Generally, we need the supported hardware of at least two vendors to know the idea of Wi-Fi EasyMesh as a universal mesh approach is real. But even then, things can get complicated in terms of liability or tech support.

Specifically, if a mixed hardware Wi-Fi EasyMesh system is not working as expected, it’s hard to know which hardware vendor is at fault, and consumers might be stuck between two networking companies pointing fingers at each other.

For more reasons than one, users tend to use mesh hardware from the same vendor, and Wi-Fi EasyMesh has so far been a nice idea with little impact. But the concept has no downside—it doesn’t prevent users from keeping hardware of the same vendor—and its adoption might increase over time.

As for Wi-Fi coverage, Netgear says a 3-pack MK93S “provides exceptional Wi-Fi range of up to 7,500 ft2 (696 m2)”.

But the number is arbitrary—Wi-Fi ranges depend on many factors—and should be taken with a grain of salt. After all, the added 6GHz band is noticeably short in range, so there’s nothing to make the new MK93S outdo the MK83 in terms of coverage.

Availability and pricing

Netgear says the new MK93S Nighthawk Tri-Band Mesh WiFi 6E System is available as pre-order today with the suggested retail price of $549.99 for a 3-pack. It’ll start shipping before the month is out.

Considering the high cost of the Orbi line, this new system seems a good deal, especially for a wired home with Gigabit broadband.

I’m in the process of acquiring a set for hands-on testing. Check back soon to see how its performance turns out. In the meantime, below is the rating of the previous MK83 set for reference.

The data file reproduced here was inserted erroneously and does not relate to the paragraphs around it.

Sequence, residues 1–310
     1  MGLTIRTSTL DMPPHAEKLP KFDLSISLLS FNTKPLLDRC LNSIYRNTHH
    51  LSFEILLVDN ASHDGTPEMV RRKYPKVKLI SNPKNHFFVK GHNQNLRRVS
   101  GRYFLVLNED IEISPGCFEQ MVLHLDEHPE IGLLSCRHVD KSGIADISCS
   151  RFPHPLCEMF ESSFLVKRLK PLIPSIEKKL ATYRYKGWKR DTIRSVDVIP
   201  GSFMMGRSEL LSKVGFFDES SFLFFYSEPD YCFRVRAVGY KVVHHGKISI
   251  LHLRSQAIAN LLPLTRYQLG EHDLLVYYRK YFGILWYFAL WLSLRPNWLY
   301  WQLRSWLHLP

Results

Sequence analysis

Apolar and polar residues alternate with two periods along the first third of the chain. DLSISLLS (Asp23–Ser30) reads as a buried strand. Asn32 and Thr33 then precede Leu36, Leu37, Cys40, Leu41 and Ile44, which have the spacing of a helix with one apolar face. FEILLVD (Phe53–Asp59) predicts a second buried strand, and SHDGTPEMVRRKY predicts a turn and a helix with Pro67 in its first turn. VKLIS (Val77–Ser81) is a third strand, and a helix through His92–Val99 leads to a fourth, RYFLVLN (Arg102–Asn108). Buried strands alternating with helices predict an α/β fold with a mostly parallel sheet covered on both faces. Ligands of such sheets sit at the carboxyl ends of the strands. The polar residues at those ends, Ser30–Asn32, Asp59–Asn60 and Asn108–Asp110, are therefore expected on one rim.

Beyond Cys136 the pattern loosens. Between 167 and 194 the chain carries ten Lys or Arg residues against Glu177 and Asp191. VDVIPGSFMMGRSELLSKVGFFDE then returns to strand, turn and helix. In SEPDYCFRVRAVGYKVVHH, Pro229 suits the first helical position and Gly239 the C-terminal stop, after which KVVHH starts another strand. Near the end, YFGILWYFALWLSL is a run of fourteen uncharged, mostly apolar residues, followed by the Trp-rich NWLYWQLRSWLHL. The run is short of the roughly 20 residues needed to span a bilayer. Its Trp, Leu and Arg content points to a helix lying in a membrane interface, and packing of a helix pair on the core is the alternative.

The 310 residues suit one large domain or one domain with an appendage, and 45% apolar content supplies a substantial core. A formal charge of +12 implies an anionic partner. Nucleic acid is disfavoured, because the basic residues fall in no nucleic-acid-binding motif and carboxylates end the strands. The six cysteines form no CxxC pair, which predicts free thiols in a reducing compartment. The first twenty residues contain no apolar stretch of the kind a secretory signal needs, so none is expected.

Netgear MK83 Nighthawk's Rating

6.6 out of 10
Netgear MK83 Nighthawk Tri Band Whole Home Mesh Wi-Fi System
6.5 out of 10
7 out of 10
Design and Setup
7.5 out of 10
5.5 out of 10


Extensive Wi-Fi coverage with reliable signals

Full web interface with optional mobile app

Dedicated backhaul band with optional wired backhaul

Simple settings, pre-synced hardware


Modest Wi-Fi specs, slow performance

Lacks Wi-Fi settings, no 160 MHz channel width

Mobile app and Netgear account coercion, no remote web management

No multi-gig port, Dual-WAN, or Link Aggregation

Online protection requires a mobile app and is not free

Dirt magnet, not wall-mountable hardware

One satellite unit fails the extended anecdotal hardware reliability test

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3 thoughts on “Netgear MK93S: Nighthawk Mesh Gets Wi-Fi 6E and 1st-Year-Free Protection”

  1. A few years ago, I purchased an MK63 system with one satellite. Later, when I moved to a new house and needed an additional satellite, I found that standalone satellites weren’t available in local stores. On Amazon, the satellite’s price was almost the same as my original system, so I opted to buy a used satellite from eBay. Unfortunately, I encountered an issue where the satellite wouldn’t pair with the app or web interface, despite resetting my router. Frustrated, I decided to change my router’s SSID and password to match the ones written on the new satellite, and that’s when my router finally connected to the mesh. This experience made me question why they no longer call it “easy mesh.”